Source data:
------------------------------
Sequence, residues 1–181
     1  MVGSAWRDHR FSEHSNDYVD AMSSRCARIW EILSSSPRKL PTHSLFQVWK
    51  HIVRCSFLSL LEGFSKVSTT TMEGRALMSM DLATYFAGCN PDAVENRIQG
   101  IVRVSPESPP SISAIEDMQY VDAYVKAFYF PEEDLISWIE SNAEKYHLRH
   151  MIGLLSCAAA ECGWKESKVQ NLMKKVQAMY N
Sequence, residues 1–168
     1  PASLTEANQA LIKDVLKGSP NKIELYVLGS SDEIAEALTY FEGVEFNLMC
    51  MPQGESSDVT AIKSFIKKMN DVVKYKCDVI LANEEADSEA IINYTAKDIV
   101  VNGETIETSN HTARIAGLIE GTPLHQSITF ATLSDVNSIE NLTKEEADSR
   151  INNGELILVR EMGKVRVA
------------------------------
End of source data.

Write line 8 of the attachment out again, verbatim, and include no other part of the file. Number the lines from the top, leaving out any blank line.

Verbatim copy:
    51  MPQGESSDVT AIKSFIKKMN DVVKYKCDVI LANEEADSEA IINYTAKDIV